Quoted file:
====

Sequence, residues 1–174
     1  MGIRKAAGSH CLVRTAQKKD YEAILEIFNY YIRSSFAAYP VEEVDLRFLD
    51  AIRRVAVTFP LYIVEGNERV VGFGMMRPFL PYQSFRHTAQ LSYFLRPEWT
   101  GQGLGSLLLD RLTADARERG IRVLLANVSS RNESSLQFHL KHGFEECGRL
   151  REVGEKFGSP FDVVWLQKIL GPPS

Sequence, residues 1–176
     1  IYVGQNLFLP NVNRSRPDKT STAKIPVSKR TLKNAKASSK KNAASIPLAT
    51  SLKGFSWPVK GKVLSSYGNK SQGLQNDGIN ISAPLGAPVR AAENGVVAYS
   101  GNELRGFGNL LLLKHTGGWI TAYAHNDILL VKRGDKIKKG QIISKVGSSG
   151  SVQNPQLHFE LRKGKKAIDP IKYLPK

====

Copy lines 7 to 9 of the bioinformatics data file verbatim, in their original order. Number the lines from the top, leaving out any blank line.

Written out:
     1  IYVGQNLFLP NVNRSRPDKT STAKIPVSKR TLKNAKASSK KNAASIPLAT
    51  SLKGFSWPVK GKVLSSYGNK SQGLQNDGIN ISAPLGAPVR AAENGVVAYS
   101  GNELRGFGNL LLLKHTGGWI TAYAHNDILL VKRGDKIKKG QIISKVGSSG